- Facilities must be designed and operated to protect the environment, including ground water and surface water
- Most landfills must be lined with leachate collection and off-site treatment and must control run-on and run-off .
Facilities are to be monitored as deemed appropriate to detect the discharge of contaminants to groundwater and surface water. For landfills, monitoring continues through the operational life of the landfill and the post closure period (20 years for unlined landfills that closed since 1989, 30 years for lined landfills which operated since 1994).
The Hazardous Waste Management Program
Establishes the regulatory framework for all hazardous waste generated in Vermont and provides a "cradle-to-grave" tracking system for these wastes. The program establishes the standards for proper management of hazardous waste while also addressing the environmental and human health problems that arise from the mismanagement of hazardous waste. Improper management of hazardous waste can pollute vast areas of land, rivers, streams and lakes, and can lead to unacceptable human exposure to these materials. The program is a prevention program -- when it is successful, these impacts occur less frequently and with less severity.
Underground Storage Tanks
Leaking underground storage tanks (USTs) pose a substantial threat to both human health and the environment, because substances leaked from these tanks are one of the most significant contaminants polluting ground and surface water supplies. In densely developed areas, releases from underground tanks pose an additional risk, since gasoline vapors can accumulate in basements and crawl spaces, posing health hazards as well as fire dangers.
The goal of the UST Program within DEC is to protect human health and the environment by eliminating releases of hazardous materials from underground storage tanks, and fostering proper management of underground tanks in Vermont. By regulating the installation, operation, and closure of USTs, the Underground Storage Program protects the state's water resources and prevents vapor impacts to buildings.
Sites Management Program
The Sites Management Section (SMS) provides state oversight for the investigation and cleanup of properties where a release of a hazardous material has contaminated the environment including soils, groundwater, surface water and indoor air. The primary authority for this oversight can be found in 10 V.S.A. Section 6615.
The goal of the River Management Program is to resolve conflicts between human investments and the dynamics of rivers in an environmentally and economically sustainable manner. The River Management Program supports and implements channel assessment and management practices that recognize the functions and value of floodplains, conservation flows, and stream in their equilibrium condition. The Program provides regulatory review and technical assistance for protection, management, and restoration projects that affect the flow and physical nature of streams and rivers. The objective is to guide and encourage projects that provide increased property and infrastructure protection and maintain or restore the ecological functions and economic values of the river system.Stream Alteration Program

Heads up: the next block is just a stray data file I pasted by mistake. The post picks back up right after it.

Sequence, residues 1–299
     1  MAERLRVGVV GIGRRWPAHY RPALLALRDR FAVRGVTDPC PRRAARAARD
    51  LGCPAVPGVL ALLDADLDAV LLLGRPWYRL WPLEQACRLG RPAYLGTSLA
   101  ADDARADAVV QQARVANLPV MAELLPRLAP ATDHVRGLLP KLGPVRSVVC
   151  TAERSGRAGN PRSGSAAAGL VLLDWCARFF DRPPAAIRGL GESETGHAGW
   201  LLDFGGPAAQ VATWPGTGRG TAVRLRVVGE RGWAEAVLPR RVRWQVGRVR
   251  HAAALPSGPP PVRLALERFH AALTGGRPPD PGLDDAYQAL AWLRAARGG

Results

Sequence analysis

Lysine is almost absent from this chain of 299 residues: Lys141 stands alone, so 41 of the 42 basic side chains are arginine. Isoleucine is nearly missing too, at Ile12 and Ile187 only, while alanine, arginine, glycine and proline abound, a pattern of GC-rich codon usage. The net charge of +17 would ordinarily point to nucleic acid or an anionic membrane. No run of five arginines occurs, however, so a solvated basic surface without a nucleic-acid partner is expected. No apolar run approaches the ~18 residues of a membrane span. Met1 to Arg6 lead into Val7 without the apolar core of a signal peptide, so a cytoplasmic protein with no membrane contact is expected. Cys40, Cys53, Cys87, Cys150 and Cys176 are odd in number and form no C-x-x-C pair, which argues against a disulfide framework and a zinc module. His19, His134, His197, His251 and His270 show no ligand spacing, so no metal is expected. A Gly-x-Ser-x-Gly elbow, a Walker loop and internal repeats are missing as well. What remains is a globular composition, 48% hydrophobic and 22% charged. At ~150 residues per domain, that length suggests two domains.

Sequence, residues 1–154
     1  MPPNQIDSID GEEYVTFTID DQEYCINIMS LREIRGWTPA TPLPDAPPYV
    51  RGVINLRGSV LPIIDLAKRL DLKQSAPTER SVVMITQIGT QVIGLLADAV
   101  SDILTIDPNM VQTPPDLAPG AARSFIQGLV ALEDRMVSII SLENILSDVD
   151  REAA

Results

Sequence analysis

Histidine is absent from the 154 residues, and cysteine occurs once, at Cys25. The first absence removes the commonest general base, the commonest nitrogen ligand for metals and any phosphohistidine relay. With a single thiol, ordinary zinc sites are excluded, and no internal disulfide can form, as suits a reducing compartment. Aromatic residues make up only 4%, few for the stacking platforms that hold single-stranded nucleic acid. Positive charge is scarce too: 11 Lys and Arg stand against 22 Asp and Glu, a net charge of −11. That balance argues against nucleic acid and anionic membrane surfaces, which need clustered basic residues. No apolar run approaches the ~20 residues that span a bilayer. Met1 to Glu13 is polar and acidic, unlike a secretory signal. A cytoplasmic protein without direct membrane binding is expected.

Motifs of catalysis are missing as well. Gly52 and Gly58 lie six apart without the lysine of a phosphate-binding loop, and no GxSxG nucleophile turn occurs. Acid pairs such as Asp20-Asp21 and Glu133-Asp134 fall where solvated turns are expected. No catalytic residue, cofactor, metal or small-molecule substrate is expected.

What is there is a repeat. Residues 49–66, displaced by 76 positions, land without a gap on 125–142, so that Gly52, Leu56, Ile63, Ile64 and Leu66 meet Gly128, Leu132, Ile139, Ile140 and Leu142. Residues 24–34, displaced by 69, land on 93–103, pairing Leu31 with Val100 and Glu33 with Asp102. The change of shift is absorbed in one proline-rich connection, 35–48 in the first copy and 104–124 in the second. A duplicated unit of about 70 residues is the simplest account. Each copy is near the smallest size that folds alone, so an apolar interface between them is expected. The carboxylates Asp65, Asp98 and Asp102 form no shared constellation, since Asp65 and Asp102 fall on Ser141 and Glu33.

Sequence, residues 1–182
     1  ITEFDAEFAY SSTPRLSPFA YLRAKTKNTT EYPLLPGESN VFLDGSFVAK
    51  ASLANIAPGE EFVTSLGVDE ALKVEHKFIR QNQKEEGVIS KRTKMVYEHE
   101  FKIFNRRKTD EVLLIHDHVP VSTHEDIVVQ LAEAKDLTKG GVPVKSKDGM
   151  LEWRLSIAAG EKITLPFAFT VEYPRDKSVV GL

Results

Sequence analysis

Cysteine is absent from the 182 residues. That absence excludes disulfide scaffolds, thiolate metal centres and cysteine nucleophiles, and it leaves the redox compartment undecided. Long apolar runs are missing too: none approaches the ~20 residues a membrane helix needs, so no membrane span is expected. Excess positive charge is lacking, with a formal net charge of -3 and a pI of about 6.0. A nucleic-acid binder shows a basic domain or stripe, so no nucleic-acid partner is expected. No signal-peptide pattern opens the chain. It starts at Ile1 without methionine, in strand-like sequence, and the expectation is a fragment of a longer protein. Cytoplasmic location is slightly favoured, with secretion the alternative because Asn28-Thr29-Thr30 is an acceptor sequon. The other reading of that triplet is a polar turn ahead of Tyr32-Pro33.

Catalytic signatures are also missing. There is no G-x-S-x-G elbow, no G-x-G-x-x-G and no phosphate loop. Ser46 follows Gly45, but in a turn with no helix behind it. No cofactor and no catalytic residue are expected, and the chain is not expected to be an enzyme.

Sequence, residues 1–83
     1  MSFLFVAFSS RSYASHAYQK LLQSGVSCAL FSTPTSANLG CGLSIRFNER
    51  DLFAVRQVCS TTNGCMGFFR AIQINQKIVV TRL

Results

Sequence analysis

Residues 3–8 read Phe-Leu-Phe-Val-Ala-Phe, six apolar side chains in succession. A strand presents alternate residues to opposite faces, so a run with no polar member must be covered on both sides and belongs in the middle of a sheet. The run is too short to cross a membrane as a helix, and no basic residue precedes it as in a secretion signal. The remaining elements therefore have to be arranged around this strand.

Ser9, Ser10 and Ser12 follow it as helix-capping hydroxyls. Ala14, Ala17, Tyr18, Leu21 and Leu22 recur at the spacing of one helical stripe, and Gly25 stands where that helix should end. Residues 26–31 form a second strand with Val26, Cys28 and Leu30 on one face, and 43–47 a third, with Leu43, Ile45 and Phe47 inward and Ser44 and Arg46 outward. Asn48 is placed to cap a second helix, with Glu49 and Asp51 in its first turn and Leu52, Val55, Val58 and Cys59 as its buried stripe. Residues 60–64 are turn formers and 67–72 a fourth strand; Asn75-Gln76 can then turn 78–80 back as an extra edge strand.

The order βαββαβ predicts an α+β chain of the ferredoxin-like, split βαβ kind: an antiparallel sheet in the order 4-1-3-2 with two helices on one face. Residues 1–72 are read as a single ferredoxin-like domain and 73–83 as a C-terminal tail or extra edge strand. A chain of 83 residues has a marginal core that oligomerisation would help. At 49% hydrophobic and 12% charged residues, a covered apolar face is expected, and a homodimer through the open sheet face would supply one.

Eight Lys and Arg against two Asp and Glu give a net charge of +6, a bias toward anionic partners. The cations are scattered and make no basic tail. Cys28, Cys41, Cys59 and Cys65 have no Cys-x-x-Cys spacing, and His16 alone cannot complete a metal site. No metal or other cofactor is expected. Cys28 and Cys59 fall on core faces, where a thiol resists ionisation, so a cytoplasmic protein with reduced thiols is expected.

The RMP Stream Alteration Program provides regulatory review and technical assistance to landowners, municipalities, non-governmental organizations and other agencies to help determine the appropriate stream channel management practices necessary to resolve and avoid conflicts with river systems. The practices selected are designed to recognize and accommodate, to the extent feasible, the stream’s natural stable tendencies (equilibrium conditions). The conflicts are resolved with the recognition of a stream’s long-term physical response to past and proposed management practices. The resulting work is intended to provide increased property and infrastructure protection and maintain or enhance the ecological functions and economic values of the river system. Regulation is conducted pursuant to 10 V.S.A., Chapters 41 and 32 and Section 401 of the Clean Water Act.
Stream Alteration Engineers are experienced in river dynamics, conflict resolution, and the environmental damage and human suffering that occur when projects fail during floods. It is their day-to-day field exposure to Vermont river systems and the people and communities that live along them that has created accountability back and forth between the service provider and the communities they serve and toward sustainable relationships at larger natural and economic scales. The number of stream alteration permits issued in a year is a small fraction of the field visits and face to face technical assistance provided to help project proponents understand the eventual river response and the risks they create to the environment, themselves, and their neighbors. On average, Vermont has experienced a flood disaster every year for the past twenty years, and it is the Stream Alteration Engineer who works with local officials for days, weeks, and often months putting things back together in a way that is better than before. The expert professional work in the field helping people and communities reduce both costs and risks is a basic tenet of the River Management Program.